Before the recent explosion of intravitreal pharmacotherapy, management of central retinal vein occlusion (CRVO) had long been guided by the Central Vein Occlusion Study. The results of this landmark study, published in 1995, demonstrated no visual benefit with grid-pattern laser, and observation therefore was recommended with panretinal photocoagulation on detection of neovascularization. Without any proven treatment options before the incorporation of intravitreal therapy, management of CRVO had been straightforward.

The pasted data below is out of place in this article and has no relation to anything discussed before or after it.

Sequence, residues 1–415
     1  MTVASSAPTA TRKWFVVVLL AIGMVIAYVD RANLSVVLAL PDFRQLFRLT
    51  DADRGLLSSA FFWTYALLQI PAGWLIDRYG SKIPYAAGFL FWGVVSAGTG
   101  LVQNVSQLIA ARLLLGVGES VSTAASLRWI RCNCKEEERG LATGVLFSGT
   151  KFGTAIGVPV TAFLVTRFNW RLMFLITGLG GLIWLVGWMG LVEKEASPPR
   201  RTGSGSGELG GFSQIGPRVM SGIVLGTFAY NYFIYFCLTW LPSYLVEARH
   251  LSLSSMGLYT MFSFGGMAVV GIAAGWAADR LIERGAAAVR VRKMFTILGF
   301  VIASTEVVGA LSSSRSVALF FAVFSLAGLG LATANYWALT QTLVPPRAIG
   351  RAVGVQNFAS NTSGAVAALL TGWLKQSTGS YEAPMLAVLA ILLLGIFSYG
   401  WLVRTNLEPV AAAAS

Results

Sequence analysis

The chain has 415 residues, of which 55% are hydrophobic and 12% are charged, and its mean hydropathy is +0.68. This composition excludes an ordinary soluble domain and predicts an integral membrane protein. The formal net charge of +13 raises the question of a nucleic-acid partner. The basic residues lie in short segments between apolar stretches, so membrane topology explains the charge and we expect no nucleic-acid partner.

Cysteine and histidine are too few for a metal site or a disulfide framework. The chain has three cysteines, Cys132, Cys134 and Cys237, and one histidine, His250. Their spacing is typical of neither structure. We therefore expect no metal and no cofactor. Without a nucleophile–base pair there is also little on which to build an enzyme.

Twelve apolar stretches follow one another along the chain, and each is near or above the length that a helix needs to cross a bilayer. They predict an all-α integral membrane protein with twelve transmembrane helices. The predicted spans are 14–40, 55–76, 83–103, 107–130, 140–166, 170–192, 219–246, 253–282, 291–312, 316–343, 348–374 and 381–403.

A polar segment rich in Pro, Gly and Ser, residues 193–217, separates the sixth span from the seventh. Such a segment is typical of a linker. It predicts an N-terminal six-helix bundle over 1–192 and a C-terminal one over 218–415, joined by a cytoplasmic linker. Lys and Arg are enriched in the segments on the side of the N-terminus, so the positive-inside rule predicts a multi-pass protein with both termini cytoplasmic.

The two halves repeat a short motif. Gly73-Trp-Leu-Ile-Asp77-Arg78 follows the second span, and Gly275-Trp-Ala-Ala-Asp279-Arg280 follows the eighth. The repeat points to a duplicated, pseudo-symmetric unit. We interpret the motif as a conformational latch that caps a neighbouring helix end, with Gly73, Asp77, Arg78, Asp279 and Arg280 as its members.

In this issue of the American Journal of Ophthalmology , Brown and associates present 12-month data from the Vascular Endothelial Growth Factor (VEGF) Trap-Eye: Investigation of Efficacy and Safety in Central Retinal Vein Occlusion (COPERNICUS) trial, whose visual benefits prompted approval of aflibercept (VEGF Trap-Eye or Eylea; Regeneron Pharmaceuticals Inc, Tarrytown, New York, USA) by the Food and Drug Administration (FDA) for treatment of CRVO in September 2012. Aflibercept is the most recent member of the anti-VEGF armamentarium against CRVO, which also includes ranibizumab (Lucentis; Genentech Inc, San Francisco, California, USA), approved by the FDA in June 2009 based on results from the Ranibizumab for the Treatment of Macular Edema after Central Retinal Vein Occlusion (CRUISE) study, and bevacizumab (Avastin; Genentech Inc), whose extensive, international use remains off label. Other proven treatment options include a sustained-release intravitreal dexamethasone delivery system (Ozurdex; Allergan Inc, Irvine, California, USA), which was approved by the FDA in June 2009 based on results from the Global Evaluation of Implantable Dexamethasone in Retinal Vein Occlusion with Macular Edema (GENEVA) trial, and triamcinolone acetonide, whose continued off-label use was supported by results from the Standard Care vs Corticosteroid for Retinal Vein Occlusion (SCORE) trial.